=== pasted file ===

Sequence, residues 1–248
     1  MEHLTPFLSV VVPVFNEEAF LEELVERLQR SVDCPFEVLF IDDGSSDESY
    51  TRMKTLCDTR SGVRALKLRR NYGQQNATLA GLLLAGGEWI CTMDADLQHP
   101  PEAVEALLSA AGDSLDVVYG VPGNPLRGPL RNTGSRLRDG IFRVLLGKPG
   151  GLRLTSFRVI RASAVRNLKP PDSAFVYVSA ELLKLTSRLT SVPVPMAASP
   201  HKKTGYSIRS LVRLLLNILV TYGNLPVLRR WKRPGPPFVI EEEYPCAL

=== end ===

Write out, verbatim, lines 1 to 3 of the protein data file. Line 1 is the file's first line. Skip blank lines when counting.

Sequence, residues 1–248
     1  MEHLTPFLSV VVPVFNEEAF LEELVERLQR SVDCPFEVLF IDDGSSDESY
    51  TRMKTLCDTR SGVRALKLRR NYGQQNATLA GLLLAGGEWI CTMDADLQHP